Hi, this guitar was also left with me as it was too expensive for the customer to have the considerable amount of work done that was needed to make the guitar stable and playable. My aim was not to fully restore, but just do what was needed while still keeping the war wounds of age visible. Keeping its character.
1 – This is how I received the guitar. Many open splits in the top and a neck that needed resetting.
2 - Unglued braces on the back and top, split braces, and bad past repairs all had to be put right. I did this working through the soundhole as I did not want to remove the back on this job.
3 – The bridge was in a sad state as was the bridge plate inside. The bridge plate was replaced, and the original bridge was saved by restoration.
4 – Frets were good so just polished, the fingerboard was left original but cleaned up, and new plastic binding was fitted. As mentioned the neck was removed and reset.
5 – Here the bracing and the cleats reinforcing the splits and cracks are glued and clamped.
6 – The old screws holding the bridge were replaced with more suitable bolts and nuts but still look like the original repair…
7 – The bridge is cleaned up and the worn-out pin holes are redrilled and plugged ready for resizing for new bridge pins.
8 – Fingerboard cleaned up, new neck binding fitted, frets polished, and all cracks in the top repaired. I also reused the original tuning machines.
9 – All done, now it’s a daily player. I did not intend to hide the signs of wear and tear, just make this old guitar stable and playable.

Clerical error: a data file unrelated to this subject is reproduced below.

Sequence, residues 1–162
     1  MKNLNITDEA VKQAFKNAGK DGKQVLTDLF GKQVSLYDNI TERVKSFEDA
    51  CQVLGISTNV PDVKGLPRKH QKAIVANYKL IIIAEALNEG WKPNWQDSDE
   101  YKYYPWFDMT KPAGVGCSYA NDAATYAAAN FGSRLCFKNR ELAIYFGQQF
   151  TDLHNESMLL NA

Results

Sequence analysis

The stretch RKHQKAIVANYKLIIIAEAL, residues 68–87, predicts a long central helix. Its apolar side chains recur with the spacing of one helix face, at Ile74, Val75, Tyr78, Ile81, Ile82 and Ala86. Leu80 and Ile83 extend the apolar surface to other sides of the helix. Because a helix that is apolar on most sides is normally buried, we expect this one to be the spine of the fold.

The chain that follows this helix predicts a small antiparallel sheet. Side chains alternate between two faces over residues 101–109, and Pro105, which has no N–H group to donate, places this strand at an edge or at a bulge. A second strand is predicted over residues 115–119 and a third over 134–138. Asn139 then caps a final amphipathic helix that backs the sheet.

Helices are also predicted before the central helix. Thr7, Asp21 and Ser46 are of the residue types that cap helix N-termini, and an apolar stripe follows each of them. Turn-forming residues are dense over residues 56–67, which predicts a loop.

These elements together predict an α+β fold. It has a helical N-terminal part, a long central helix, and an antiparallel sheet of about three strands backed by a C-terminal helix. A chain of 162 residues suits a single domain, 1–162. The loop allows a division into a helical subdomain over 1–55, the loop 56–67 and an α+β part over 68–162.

It’s a very loud guitar with a great old-timey tone, I play it as a slide guitar style. It's all original: the nut, machines, frets, and the bridge. Oops! Bridge pins are not original.
Here's a video of the guitar being played. Again a first take, just give ya'll a listen
Quiz… Who was the performer who used a Regal domino-like this one that sold for $30,000?
Sorry, no prizes.
ha-ha, it actually says Le Domino on the peghead. If you are referring to the owner of the $30,000 version, sorry no cigar.
Beautiful, great job Taffy!
Amazingly thorough work (as always). I love the respect you show for these "hard case" guitars. You are able to bring them back to their prime without "over-restoring". Knowing when to stop is an art form you have mastered.
Always love seeing your repair/restoration work.
Thanks for sharing.
Hi Tom, thanks for your kind comments and interest. I have a few more I can show in the new year.
Merry Christmas Taff.
I love good restoration work. Post more if you have them.
Hi again, The player who’s Le Domino Regal sold for a reported $35,000 was a guy called Elliot Smith. In case y’all die wondering.